London, 1827. A body has washed up on the banks of the Thames. Inspector John Marlott of the River Police discovers that the body is composite of body parts from several people, sewn together. The Home Secretary tasks Marlott with solving the mystery.Written by
Esther is offered a fee of "one crown per day" to fix a dress for Frederick Dipple's automaton. This amounts to 5 shillings or the modern equivalent of £243 (adjusted for 2017 inflation), or £1,215 for five days' work. Earlier, a bribe for some information is mentioned as costing 10 guineas. This is the equivalent of 210 shillings historically, or a whopping £10,206 (adjusted for 2017 inflation). See more »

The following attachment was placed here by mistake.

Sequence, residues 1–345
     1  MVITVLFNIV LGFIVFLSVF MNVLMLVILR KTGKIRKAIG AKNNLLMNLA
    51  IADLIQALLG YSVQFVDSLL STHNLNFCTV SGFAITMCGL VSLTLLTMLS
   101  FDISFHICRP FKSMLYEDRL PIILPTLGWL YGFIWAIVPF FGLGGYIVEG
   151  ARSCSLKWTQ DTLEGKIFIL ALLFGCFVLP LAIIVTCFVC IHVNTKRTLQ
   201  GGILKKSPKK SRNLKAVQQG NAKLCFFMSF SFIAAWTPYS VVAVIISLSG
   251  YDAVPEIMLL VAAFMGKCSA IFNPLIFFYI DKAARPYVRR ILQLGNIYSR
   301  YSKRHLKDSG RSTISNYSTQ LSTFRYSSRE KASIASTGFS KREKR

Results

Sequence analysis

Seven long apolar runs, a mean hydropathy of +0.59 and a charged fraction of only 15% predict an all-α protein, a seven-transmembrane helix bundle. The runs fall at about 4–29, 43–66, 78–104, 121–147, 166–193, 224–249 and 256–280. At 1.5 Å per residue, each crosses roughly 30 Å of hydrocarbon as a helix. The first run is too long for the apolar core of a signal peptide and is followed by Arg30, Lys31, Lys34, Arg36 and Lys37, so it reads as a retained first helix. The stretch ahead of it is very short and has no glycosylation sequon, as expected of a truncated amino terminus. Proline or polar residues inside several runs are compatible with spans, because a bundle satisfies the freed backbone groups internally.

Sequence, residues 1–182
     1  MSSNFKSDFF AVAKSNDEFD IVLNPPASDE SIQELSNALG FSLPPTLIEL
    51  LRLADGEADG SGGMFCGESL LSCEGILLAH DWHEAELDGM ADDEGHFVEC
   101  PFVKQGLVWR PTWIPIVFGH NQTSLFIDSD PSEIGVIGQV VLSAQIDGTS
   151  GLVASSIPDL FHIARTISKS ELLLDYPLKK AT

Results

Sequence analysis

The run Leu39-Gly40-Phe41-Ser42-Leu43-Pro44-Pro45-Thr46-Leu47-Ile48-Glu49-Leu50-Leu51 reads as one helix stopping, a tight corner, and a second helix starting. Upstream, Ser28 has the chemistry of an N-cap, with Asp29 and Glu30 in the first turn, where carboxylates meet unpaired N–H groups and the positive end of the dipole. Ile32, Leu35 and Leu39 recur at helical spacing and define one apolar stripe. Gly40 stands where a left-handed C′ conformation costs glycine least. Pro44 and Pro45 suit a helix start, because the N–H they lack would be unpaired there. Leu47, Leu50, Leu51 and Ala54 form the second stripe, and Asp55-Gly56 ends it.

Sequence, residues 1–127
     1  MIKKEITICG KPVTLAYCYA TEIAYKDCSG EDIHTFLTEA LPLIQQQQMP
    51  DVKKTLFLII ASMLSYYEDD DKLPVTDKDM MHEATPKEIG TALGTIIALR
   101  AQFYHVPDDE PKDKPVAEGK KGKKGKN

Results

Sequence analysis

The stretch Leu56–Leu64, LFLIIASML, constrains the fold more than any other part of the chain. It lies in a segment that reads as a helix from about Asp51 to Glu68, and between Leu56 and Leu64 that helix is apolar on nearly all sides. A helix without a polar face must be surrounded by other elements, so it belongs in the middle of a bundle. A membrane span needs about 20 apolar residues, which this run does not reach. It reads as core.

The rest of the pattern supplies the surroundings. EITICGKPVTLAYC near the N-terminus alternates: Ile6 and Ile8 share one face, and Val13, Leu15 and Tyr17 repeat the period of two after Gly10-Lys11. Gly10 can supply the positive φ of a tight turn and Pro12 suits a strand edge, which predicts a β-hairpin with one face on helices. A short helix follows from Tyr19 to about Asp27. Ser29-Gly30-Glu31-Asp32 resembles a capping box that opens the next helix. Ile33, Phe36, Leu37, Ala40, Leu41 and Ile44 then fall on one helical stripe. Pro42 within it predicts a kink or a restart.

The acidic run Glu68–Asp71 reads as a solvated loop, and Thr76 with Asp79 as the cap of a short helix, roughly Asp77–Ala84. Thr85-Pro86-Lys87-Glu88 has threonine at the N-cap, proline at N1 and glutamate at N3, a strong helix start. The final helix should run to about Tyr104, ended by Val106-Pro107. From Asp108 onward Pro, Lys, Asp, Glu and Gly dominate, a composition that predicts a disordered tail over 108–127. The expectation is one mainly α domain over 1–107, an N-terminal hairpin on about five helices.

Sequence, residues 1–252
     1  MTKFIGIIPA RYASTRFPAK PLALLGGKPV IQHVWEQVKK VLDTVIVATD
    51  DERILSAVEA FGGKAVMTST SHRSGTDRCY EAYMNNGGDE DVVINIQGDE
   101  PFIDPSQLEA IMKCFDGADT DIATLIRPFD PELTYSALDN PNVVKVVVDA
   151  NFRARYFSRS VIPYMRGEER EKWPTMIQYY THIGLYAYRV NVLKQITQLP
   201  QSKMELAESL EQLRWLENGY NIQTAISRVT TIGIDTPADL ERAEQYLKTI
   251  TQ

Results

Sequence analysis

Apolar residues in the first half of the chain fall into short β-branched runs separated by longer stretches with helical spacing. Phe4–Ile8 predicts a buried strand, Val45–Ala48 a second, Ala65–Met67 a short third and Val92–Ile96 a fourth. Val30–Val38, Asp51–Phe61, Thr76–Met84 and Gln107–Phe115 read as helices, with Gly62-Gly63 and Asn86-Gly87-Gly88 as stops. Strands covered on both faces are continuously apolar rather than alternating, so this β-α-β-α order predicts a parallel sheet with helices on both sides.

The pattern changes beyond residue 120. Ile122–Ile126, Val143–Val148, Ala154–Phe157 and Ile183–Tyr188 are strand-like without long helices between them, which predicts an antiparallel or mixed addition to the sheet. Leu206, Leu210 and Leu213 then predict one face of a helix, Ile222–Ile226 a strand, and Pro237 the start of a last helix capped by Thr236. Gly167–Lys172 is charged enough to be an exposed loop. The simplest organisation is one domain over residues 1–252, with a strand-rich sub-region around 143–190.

True Detective on the filthy streets of Regency Era London
I'd heard nothing about this show going in. I'm kind of surprised no word of mouth reached me before discovering it... seeing as how it hits so many beats that share my interests. History and mysticism and conspiracy and film noir... and Frankenstein! I was impressed when William Blake showed up in the series and even moreso when Mary Shelley herself makes an appearance. Her infamous book being a possible impetus behind the crimes the protagonist detective is tasked with investigating. The show is gritty and gruesome and complex in the motivations of its various political factions vying for power. Add to that that the protagonist is not entirely reliable because of disease and medication and the show becomes a quite a heady mix at times. The bad guys range from street scum on up to, maybe, members of Parliament... and no one is safe.
Great stuff, I hope there is more to come.
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